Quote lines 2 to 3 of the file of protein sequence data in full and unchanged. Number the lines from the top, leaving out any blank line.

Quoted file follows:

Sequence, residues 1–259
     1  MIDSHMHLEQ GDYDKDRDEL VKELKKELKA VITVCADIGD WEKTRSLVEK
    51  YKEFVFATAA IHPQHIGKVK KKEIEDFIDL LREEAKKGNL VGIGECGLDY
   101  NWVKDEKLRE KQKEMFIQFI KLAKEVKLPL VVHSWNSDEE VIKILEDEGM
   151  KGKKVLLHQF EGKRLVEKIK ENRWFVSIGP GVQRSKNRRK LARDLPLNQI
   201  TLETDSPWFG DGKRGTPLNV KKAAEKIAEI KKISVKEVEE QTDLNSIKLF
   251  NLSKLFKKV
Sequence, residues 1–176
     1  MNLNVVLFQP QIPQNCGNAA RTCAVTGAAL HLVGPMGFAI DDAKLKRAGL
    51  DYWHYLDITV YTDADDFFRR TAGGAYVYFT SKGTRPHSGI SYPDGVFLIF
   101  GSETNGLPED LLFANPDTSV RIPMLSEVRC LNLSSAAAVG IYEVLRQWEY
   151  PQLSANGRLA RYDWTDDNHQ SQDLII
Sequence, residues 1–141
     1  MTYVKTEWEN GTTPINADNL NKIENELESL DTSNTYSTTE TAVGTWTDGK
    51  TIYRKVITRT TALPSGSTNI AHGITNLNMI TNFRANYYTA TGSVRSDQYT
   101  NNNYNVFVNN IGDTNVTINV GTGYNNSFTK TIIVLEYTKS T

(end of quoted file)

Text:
     1  MIDSHMHLEQ GDYDKDRDEL VKELKKELKA VITVCADIGD WEKTRSLVEK
    51  YKEFVFATAA IHPQHIGKVK KKEIEDFIDL LREEAKKGNL VGIGECGLDY